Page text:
central Regional Advisory panel
june 19, 2014
Rock Hills Ranch - Lowry, SD
|Panel Members Present||GF&P Staff Present|
|Fred Hubbard - Miller||Cliff Stone|
|Keith Krull - Harrold||Sandi Knippling|
|Herb McClellan - Mobridge||Brian Pauly|
|Lyle Perman - Lowry||Dave Ode|
|Danielle McGee-Campbell - Onida||Mike Blaalid - Pheasants Forever|
|Leonard Spomer - Pierre|
|Kevin Swensen - Chamberlain|
|Cody Wilson - Pickstown|
Welcome & Introductions
Cliff Stone opened the meeting at 10:00 am, thanked Lyle and his family for hosting the meeting, welcomed the panel members, introduced Department Staff, and reviewed the agenda. The Perman family and Rock Hills Ranch was congratulated for being selected for the Leopold Conservation Award. The Ranch Tour, associated with the award, will be held on July 2nd.
Panel Member Updates/Issues
Leonard Spomer: Fishing has been good on Lake Sharpe, locally in the stilling basin and some nice fish (16-17") are being taken. A recent tournament had a 9-10 lbs fish. The walleye spawn is over and fish are still being taken in the Pierre area despite low flows from the Bad River. Fishing on Lake Oahe has been spotty, generally a lot of smaller fish. Spring moisture has been very good, without any large "gully washers". Nesting cover for pheasants is good. There was also a recent kids fishing event in the Pierre area, with a near record number of kids participating.
Keith Krull: Overall, things good in his area, there should be good cover for pheasants. His hunting lodge is already booked for the fall. Everything looks good, wheat, grass, and everything else looking pretty nice right now. Keith complimented Lyle on the looks of his ranch.
Kevin Swenson: Spring fishing has been good in the Chamberlain area on both Lake's Francis Case and Sharpe. They have started a two-person team Tuesday night fishing league. Teams can keep four fish per night and the average team weight has been about 5 lbs. Little bit different year this year, have had rains but not heavy like other parts of state. Noted, that on his drive up this morning, he saw pheasants and ducks but no deer.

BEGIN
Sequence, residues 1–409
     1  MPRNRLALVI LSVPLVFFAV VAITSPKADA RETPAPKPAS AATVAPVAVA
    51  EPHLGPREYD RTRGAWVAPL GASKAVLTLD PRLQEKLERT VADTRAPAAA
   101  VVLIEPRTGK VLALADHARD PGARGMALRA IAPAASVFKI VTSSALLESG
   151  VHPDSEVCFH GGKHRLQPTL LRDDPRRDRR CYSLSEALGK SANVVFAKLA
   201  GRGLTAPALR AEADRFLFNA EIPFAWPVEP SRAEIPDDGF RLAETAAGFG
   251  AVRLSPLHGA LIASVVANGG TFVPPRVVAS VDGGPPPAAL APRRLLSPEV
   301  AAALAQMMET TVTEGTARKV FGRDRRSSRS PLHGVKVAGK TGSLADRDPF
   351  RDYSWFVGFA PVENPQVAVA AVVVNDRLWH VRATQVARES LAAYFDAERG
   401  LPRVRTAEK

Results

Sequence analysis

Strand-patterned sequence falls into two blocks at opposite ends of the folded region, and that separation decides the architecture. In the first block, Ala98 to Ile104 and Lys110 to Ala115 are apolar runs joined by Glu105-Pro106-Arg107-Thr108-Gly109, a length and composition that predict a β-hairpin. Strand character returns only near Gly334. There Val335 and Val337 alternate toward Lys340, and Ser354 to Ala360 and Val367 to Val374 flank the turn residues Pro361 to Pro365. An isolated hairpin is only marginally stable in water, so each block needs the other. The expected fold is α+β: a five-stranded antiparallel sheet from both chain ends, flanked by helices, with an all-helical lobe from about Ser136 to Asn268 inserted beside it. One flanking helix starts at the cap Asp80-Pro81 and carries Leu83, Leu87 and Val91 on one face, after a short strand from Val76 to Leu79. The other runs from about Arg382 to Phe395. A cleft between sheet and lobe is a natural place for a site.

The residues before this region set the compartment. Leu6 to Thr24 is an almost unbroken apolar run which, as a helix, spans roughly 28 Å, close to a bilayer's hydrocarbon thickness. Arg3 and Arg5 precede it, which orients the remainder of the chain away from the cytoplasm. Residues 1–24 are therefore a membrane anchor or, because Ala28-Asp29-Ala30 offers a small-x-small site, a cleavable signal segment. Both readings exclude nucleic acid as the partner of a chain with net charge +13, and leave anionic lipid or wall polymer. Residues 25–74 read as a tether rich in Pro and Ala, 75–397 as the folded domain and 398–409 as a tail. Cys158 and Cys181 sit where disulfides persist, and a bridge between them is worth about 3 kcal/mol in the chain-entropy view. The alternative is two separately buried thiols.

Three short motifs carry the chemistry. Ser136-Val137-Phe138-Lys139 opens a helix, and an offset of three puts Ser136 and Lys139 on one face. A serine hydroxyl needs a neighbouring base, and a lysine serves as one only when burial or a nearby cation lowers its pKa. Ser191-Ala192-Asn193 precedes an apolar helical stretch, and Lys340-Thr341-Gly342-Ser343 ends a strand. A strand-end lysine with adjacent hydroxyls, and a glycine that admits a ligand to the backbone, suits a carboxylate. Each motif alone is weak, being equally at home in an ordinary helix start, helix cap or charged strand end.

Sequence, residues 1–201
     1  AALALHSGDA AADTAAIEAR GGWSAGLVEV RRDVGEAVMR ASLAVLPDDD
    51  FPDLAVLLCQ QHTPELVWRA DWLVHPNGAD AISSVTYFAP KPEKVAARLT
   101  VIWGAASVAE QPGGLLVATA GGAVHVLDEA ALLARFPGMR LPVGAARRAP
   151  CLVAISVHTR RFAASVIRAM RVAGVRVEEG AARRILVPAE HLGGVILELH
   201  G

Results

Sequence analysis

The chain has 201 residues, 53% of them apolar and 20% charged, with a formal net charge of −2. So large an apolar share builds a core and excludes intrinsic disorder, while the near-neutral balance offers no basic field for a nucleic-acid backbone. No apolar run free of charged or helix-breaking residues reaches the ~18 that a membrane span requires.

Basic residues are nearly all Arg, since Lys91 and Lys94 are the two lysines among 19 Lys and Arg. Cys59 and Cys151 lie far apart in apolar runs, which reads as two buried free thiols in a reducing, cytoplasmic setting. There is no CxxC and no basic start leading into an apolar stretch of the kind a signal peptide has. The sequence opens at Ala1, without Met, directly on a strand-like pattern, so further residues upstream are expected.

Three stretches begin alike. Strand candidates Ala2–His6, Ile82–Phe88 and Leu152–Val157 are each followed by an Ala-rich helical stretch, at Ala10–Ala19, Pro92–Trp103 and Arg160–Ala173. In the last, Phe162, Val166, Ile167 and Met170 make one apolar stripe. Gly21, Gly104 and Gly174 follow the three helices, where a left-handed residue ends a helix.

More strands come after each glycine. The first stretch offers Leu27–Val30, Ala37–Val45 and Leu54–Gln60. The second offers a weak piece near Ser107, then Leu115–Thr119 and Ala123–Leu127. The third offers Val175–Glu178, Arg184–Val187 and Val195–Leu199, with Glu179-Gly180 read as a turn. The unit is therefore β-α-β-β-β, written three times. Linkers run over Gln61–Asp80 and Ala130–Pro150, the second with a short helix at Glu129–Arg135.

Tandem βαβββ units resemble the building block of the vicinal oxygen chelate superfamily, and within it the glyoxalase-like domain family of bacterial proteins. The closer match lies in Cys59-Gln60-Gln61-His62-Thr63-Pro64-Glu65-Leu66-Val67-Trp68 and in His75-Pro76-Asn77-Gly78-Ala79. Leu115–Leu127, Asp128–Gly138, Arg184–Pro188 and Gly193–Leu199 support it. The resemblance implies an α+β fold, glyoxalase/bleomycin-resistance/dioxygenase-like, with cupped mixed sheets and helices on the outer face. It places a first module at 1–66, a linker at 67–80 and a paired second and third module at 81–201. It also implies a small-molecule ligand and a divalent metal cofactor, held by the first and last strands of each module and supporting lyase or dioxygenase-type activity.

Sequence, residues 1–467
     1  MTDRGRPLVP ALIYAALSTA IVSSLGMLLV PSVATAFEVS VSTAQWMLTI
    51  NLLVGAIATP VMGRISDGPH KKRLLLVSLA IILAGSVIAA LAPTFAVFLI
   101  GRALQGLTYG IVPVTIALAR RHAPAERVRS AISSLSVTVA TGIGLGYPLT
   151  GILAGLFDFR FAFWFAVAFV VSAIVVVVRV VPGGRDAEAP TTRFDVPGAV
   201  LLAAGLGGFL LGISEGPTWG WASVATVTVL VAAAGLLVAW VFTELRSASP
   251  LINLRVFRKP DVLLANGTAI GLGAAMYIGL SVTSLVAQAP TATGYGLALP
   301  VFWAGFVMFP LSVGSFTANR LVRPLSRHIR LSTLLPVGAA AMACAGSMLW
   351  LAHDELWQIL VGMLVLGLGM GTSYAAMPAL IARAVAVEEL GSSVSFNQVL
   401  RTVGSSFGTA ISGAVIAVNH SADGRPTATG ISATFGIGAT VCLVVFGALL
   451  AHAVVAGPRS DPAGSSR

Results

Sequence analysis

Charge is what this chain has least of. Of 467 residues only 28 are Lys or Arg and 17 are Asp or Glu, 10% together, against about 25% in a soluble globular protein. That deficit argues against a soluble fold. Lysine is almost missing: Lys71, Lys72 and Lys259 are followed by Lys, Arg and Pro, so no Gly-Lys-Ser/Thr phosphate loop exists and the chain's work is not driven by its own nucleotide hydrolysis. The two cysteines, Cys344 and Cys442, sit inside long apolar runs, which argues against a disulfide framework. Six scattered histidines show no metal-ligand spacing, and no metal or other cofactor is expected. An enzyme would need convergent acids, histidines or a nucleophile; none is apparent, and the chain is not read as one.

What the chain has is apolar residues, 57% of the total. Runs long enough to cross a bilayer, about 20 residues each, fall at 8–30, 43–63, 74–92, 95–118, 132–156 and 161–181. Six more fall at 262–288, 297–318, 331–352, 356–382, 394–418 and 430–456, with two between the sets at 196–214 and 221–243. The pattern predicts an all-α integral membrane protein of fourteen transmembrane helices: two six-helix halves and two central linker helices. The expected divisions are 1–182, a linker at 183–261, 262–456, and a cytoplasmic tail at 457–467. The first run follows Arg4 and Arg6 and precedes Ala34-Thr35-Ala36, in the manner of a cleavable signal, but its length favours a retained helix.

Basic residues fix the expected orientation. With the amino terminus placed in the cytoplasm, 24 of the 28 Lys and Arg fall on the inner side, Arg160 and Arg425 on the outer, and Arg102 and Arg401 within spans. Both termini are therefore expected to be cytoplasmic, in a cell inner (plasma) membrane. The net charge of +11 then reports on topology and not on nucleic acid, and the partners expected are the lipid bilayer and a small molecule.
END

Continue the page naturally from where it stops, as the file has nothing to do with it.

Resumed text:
Cody Wilson: Generally things have been kind of slow around the Pickstown area, fishing has been hit or miss. Everything is kind of strange this year, usually things pick up by now. At this point he hasn't seen anything "baby" (deer, pheasants, etc.) yet. It was a cold winter in the Pickstown area, but not much snow. Had some late freezes which has held the grasses back especially brome grass. Currently they have had an average amount of rain. For the most part everything is average.
Fred Hubbard: The Miller area is in good shape for moisture. The spring started cold but the last two weeks have been great for the pastures. Saw several fawns but most does he has seen have only one fawn. He has seen one brood of pheasants, the hen had 15 chicks. That's good, with hopefully more to come. Lake Louise free fishing camping weekend was a hit. They had 82 kids participate in their local fishing derby and each kid received a supply bag of goodies. A record 300 hot dogs eaten! Good event and great attendance. Bullheads in Lake Louise recently experienced a die off due to a viral disease. Once the water temperatures warmed up the disease diminishes and fishing picks up. A few 18-19" walleye caught. Jones Lake hasn't had much going on. Cottonwood Lake was stocked in past years with walleye and doing really well. Can catch walleye just fishing from the docks. Twin Lakes is producing some nice walleye and crappies. Fred recently fished near Clark, SD, generally very good fishing in the lakes in that area.
Herb McClellan: Lots of rain in the Mobridge area, the pastures look great and have great cover. A young boy in Mobridge caught a new state record big mouth buffalo in the non-restricted class. The Denny Palmer Memorial Fishing Tournament was a week ago, participants caught some nice walleye, but still suffering from the reduction in the smelt population. Guides are also commenting on the large number of small fish. Cabela's is coming to Mobridge on June 27th for a tournament. Talking about Mobridge native fishing in Pierre and boated all the way to Mobridge to stop in home town. Overall, fishing has been pretty good at times. Herb reported that they are not seeing a lot of deer and hopes the pheasant population rebounds.
Danielle McGee-Campbell: The Onida area sounds like everywhere else, grass is about two weeks behind but growing. Danielle reports seeing a few pheasant broods and lots of baby animals. Their local Youth Outdoor event is scheduled in August, while their recent Kids Fishing tournament was cut short due to a thunderstorm.